Probably more than any other major world mint, the United States Mint regularly solicits the views of its customers on the coins it sells. In addition to offering visitors to its web site customer satisfaction surveys, the U.S. Mint also periodically hires an outside marketing firm to conduct surveys of what coins collectors are most interested in. Such surveys helped lead to the issuance of a number of U.S. Mint products in recent years, including the special anniversary American silver eagle sets of the last three years and this year’s American Buffalo reverse proof gold coin. The 2014 Kennedy set is another idea that was proposed in a survey.
The Mint recently sent a survey to some of its customers asking them about future plans for the proof American platinum eagle series and the possibility of palladium eagles.
Survey respondents were asked what kind of themes they would like to see on platinum proof eagles now that the six-year Preamble to the Constitution series will be ending next year. The possible themes for the new series that will begin in 2015 are: documents of independence and freedom, emblems of freedom, classic eagles, revolutionary war sites, and classic coins. In addition, respondents were asked about a special anniversary coin to be issued in 2017
In March the Mint released the results of a marketing study that it commissioned regarding the demand for palladium coins, if the Mint were to issue them. The new survey does not discuss bullion palladium eagles, but is does indicate the Mint may issue a proof version for collectors next year. The market study found there is substantial interest among buyers in numismatic palladium coins, especially if it were a one-year only coin.
Whatever direction the Mint ultimately follows with respect to these coins and in general, collectors of U.S. Mint coins can look forward to a lot of interesting new products next year and beyond.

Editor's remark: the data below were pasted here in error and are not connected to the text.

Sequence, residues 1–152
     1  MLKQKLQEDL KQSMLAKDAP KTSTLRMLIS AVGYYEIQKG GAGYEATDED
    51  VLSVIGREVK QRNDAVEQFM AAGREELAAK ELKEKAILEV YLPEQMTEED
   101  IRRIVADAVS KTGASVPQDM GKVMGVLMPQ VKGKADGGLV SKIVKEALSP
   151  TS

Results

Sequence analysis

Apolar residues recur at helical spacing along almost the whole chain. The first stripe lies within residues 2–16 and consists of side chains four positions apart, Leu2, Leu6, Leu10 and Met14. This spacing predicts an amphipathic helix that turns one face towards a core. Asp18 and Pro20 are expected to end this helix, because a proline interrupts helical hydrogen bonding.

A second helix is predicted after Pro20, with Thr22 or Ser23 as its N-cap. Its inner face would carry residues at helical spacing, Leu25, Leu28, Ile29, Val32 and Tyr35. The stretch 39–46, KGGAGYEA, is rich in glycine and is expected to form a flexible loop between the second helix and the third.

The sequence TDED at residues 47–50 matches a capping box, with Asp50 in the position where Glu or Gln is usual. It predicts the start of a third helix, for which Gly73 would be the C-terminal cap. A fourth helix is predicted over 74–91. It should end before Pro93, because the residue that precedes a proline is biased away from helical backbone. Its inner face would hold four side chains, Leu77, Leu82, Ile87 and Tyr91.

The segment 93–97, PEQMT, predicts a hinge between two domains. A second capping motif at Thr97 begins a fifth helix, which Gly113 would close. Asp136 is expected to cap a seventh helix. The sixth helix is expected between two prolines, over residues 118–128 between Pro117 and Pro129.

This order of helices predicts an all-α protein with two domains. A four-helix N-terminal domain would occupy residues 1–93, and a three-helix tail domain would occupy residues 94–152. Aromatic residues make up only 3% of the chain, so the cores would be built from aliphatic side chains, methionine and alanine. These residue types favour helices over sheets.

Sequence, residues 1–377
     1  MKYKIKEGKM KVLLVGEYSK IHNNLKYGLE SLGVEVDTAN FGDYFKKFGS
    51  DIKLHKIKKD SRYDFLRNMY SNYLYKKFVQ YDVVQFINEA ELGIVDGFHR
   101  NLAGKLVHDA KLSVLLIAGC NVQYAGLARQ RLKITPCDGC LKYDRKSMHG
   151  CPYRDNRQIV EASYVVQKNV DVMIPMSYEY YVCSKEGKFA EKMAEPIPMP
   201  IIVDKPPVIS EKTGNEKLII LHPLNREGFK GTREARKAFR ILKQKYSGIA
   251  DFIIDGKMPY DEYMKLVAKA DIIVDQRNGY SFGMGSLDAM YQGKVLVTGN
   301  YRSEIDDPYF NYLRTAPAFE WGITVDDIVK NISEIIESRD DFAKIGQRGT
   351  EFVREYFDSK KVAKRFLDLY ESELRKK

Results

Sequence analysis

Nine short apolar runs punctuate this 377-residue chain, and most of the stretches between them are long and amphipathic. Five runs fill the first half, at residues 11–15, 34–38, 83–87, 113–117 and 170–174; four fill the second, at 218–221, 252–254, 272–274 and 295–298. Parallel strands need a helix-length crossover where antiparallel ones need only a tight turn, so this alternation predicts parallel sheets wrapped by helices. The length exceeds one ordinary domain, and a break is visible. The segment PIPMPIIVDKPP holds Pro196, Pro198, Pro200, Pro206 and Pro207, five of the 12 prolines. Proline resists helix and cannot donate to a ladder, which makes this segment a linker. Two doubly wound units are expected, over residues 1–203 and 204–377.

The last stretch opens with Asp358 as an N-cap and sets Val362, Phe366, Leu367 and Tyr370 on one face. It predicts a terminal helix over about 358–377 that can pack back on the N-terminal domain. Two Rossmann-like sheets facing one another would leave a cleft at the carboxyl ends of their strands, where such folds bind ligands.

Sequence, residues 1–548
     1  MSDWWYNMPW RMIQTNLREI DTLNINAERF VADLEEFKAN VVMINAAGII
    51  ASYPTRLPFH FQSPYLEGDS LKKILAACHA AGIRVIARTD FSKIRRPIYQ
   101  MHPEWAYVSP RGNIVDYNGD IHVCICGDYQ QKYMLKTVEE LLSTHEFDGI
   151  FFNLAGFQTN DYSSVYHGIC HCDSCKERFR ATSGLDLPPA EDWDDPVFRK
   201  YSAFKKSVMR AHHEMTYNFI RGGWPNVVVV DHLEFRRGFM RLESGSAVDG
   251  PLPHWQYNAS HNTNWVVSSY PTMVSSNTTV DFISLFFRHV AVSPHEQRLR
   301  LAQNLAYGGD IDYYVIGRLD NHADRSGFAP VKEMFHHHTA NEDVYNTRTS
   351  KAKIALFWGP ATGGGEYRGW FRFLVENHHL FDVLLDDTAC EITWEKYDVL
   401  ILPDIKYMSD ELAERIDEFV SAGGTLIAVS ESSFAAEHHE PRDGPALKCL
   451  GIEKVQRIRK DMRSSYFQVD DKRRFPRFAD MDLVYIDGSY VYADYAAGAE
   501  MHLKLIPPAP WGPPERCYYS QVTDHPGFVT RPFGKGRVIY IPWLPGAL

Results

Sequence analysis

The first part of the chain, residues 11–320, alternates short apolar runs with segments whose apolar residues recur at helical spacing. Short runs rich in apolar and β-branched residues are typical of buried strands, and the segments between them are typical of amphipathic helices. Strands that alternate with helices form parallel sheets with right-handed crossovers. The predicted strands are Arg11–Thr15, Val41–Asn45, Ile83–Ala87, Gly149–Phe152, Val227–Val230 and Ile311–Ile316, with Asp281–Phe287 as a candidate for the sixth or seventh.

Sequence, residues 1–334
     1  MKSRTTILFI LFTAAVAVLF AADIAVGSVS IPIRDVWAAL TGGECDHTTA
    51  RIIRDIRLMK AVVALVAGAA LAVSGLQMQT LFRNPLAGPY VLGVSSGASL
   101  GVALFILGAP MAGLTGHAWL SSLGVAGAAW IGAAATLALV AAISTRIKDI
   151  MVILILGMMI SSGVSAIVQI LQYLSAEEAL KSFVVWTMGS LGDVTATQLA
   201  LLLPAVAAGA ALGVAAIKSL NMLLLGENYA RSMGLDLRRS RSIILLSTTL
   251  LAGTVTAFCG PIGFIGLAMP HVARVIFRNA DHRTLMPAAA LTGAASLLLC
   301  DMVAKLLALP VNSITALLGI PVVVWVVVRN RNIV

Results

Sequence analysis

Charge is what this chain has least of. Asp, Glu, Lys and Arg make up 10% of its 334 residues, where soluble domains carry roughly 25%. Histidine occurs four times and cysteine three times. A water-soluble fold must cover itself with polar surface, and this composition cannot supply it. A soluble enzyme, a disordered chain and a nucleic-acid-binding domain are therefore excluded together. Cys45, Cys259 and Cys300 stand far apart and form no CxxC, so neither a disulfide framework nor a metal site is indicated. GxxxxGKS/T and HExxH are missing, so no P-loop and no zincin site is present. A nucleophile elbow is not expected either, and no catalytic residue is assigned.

Online waiting room
On August 20 the Mint announced some major improvements for online buyers of its products, including a redesigned shopping cart, and a new online waiting room to make it easier to buy high-demand products during the first day of sales, when buyers frequently encounter long delays and web site crashes.
In particular, the Mint provided the following details about the waiting room:
“The new online waiting room will be used to assist customers who want to purchase high-demand products from the online catalog (catalog.usmint.gov) on the first day the product becomes available. As you know, the catalog website has often been overwhelmed by customers seeking to order high demand products on the first day of sales.
Customers who come to the online catalog during a high-demand product release can enter the waiting room to “get in line” to enter the website and make their purchase. The waiting room will tell customers how long they have to wait before entering the catalog website. While in the waiting room, they may open other tabs in their browser or another browser window to visit other websites.
Customers also will have the option to leave and come back later to shop when there is less traffic on the site. They will be informed that they will lose their place in line if they choose to close the waiting room browser window to leave the waiting room.
The waiting room concept has been tested with customers and received positive responses. It will be deployed on the Mint’s website for new products on a case-by-case basis.”
Louis Golino is a coin collector and numismatic writer, whose articles on coins have appeared in Coin World, Numismatic News, and a number of different coin web sites. His column for CoinWeek, “The Coin Analyst,” covers U.S. and world coins and precious metals. He collects U.S. and European coins and is a member of the ANA, PCGS, NGC, and CAC. He has also worked for the U.S. Library of Congress and has been a syndicated columnist and news analyst on international affairs for a wide variety of newspapers and web sites.